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Preparing for an Panel Interview for a Supervisor Position

by Ruth Mayhew, studioD

Once the recruiter shares the news that you're being interviewed by a panel, your anxiety level might increase tenfold. But panel interviews don't have to be intimidating, even for a supervisory role. View a panel interview as three to five chances to make a favorable impression, because that's usually the number of interviewers who participate on these types of interviews. Every interviewer has a different perspective, so if your answers don't wow one of the interviewers, you still have a chance to appeal to other panel members.

Basic Information

At the first notice of a panel interview -- whether it's from the recruiter scheduling the event, the hiring manager or what you learned through your research about the company -- prepare for questions from at least three interviewers. When the recruiter contacts you to schedule the interview, if she doesn't specifically state whether it's a panel interview, ask. For example, you could ask, "Is this a one-on-one interview or a panel interview?" Typically, recruiters or schedulers will let candidates know whether they're going to have a one-on-one with the hiring manager or to expect other interviewers in on the process.


Conduct research on the company and the people with whom you'll be interviewing. If you don't already know their names or departments, look at the job posting and surmise from the job duties who might be participating in your interview. For example, if you're interviewing to become the company's next sales supervisor, it's possible that the shipping manager or supervisor will be a member of the panel, as well as the customer service manager. In case there's a nonsupervisory staff member who's going to be a panel member, research the employee base and what constitutes the company's workforce.

Rehearse Interview Responses

Smart interviewees rehearse their responses to questions they expect for a one-on-one interview. But it's even more important to rehearse your answers when you're facing several people who will be evaluating your qualifications from different perspectives. Obtain a list of interview questions and practice your answers as if you're speaking to three to five interviewers. That means making eye contact with every person you direct your response to and giving equal time to each panel member. For this exercise, you'll simply have to pretend that you're talking to a group, unless you have three to five colleagues who will help you prepare. Because convening a group of friends to role play a panel interview with you might be a challenge, the alternative is to practice in front of your webcam. Record your rehearsals and playback the recording to see if you're dividing your attention equally among a pretend panel.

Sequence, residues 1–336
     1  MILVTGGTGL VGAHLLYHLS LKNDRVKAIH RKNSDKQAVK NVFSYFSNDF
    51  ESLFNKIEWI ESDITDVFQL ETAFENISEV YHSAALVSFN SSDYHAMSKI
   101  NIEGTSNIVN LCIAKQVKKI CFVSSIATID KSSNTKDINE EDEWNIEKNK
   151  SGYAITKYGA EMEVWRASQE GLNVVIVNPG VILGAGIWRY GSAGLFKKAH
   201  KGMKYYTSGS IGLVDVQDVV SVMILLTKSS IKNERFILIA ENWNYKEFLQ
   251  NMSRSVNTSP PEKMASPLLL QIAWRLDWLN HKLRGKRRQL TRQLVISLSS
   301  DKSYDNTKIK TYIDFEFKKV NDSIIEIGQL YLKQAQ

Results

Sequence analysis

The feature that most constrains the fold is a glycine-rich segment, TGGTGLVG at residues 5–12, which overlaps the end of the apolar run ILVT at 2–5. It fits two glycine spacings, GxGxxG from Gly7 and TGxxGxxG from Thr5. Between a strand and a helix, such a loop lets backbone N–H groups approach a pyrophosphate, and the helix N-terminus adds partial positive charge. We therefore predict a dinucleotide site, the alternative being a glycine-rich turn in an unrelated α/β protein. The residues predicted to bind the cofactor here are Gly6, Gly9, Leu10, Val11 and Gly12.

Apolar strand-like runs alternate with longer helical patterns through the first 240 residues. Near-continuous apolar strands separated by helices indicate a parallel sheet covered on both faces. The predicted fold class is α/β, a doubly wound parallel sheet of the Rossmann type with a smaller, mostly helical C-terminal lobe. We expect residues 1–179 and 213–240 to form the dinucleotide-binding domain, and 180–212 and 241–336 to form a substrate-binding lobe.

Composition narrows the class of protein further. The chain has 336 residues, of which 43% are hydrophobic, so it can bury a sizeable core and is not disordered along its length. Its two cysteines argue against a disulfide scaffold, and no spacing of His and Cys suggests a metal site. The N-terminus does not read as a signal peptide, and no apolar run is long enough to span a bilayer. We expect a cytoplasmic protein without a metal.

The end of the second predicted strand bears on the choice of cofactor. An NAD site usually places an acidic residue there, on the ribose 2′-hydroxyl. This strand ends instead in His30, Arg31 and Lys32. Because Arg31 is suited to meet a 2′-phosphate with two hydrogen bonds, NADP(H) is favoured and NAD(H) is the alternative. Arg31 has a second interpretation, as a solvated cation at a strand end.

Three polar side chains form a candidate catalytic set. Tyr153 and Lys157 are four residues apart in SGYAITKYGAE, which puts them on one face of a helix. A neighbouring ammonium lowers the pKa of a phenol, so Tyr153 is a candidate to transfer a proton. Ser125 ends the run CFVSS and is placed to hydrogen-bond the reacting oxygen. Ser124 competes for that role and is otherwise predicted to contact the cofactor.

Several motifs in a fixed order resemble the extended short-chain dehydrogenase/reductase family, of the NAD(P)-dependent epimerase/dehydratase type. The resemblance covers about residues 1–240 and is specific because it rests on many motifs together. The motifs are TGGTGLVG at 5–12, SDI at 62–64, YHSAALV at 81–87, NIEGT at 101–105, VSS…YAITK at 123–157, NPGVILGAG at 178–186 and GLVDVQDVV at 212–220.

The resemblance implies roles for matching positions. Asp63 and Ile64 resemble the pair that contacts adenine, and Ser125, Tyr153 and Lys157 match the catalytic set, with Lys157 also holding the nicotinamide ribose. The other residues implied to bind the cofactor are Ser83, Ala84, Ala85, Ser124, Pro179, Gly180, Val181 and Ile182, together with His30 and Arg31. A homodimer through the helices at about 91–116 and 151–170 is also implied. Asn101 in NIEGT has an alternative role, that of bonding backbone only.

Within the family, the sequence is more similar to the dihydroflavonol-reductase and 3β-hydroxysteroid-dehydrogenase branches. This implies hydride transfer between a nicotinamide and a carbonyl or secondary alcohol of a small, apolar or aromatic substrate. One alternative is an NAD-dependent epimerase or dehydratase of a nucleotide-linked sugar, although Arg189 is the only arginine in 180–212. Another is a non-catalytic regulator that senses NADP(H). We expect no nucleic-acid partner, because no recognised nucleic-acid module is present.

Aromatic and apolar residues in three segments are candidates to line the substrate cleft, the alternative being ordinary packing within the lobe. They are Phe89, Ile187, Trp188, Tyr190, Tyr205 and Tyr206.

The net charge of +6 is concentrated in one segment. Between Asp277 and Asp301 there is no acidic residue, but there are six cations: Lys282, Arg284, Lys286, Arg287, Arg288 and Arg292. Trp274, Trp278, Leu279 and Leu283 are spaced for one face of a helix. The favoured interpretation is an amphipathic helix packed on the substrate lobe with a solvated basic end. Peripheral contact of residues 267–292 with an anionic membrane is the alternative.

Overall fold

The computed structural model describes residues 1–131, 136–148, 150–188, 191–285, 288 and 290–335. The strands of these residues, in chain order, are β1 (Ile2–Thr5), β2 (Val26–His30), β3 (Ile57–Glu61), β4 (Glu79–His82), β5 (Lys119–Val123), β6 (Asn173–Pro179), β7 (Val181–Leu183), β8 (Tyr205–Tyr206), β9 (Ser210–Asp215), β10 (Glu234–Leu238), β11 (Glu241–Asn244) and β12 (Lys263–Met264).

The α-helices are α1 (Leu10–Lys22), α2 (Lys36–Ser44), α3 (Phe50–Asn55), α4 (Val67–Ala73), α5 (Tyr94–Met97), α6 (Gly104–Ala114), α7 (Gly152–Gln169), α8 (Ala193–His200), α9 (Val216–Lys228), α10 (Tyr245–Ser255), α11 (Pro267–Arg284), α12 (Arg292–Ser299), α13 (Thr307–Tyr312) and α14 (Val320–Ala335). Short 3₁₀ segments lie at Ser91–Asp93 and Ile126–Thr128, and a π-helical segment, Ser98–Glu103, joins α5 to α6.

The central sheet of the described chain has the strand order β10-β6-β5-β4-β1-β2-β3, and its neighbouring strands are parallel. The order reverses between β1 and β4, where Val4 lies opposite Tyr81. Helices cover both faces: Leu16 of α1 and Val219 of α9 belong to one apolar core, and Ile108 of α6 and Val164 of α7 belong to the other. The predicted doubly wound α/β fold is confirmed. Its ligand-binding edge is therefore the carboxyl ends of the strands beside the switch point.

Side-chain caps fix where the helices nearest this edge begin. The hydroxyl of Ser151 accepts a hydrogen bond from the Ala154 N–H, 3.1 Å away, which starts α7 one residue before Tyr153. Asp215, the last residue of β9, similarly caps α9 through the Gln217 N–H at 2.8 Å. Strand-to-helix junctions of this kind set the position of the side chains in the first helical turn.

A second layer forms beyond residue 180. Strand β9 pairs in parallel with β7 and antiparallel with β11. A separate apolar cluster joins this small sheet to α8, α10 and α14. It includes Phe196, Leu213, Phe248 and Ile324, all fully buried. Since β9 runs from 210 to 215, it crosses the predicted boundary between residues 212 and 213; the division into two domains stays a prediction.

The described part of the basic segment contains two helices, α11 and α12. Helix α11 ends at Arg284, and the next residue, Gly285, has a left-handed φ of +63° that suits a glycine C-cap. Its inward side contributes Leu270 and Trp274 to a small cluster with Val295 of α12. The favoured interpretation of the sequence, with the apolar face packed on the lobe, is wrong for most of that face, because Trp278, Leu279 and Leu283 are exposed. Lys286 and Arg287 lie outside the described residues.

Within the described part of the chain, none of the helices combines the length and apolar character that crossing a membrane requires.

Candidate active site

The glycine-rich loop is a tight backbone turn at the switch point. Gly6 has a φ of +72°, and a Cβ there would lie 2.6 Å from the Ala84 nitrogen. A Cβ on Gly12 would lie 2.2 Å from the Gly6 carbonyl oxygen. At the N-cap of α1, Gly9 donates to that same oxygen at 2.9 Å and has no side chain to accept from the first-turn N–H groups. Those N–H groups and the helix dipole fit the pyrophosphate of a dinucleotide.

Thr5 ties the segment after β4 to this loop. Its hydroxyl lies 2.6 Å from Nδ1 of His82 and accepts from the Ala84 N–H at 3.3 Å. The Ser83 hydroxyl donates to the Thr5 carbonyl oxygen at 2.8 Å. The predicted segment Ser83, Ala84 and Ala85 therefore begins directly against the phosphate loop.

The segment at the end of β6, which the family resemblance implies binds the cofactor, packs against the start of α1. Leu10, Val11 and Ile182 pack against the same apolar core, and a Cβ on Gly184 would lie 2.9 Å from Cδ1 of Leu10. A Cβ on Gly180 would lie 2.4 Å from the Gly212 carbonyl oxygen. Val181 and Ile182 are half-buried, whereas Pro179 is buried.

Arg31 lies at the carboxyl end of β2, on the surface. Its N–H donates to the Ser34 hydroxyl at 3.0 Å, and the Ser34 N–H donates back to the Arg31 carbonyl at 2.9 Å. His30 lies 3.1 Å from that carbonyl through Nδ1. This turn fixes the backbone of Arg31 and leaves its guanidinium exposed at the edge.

Supervisory Skills

You'll naturally want to stress your capabilities as a leader because you're interviewing for a supervisory role, but don't neglect your role as an employee advocate. Supervisors and managers have two primary duties: managing department operations and managing people. Articulate your ability to do both, even if you have to explicitly state that's how you see your role. For example, you could say, "As a supervisor for XYZ Company, I see my role as twofold. Supervising the department operations is one and supervising employees is another. I'm confident my qualifications are suitable for both responsibilities."

Interviewee Questions

Positive interviews usually end with the interviewer turning the tables to ask if you -- the job seeker -- have any questions. Your answer to the question, "Do you have any questions for us?" should always be, "Yes, I do." During your interview, note the interviewers' names so you can address them personally. And ask each one a question or ask any of them to volunteer an answer without you specifically directing a question toward a certain panel member. In fact, you could pose a general question and get varied perspectives by asking all of the panel members to provide an answer. Your questions should be related to supervisory duties and the employer-employee relations. For example, you could ask, "Are supervisors first responders in cases of employee relations matters?" and "What are your biggest challenges as a leader with XYZ Company?"

About the Author

Ruth Mayhew began writing in 1985. Her work appears in "The Multi-Generational Workforce in the Health Care Industry" and "Human Resources Managers Appraisal Schemes." Mayhew earned senior professional human resources certification from the Human Resources Certification Institute and holds a Master of Arts in sociology from the University of Missouri-Kansas City.

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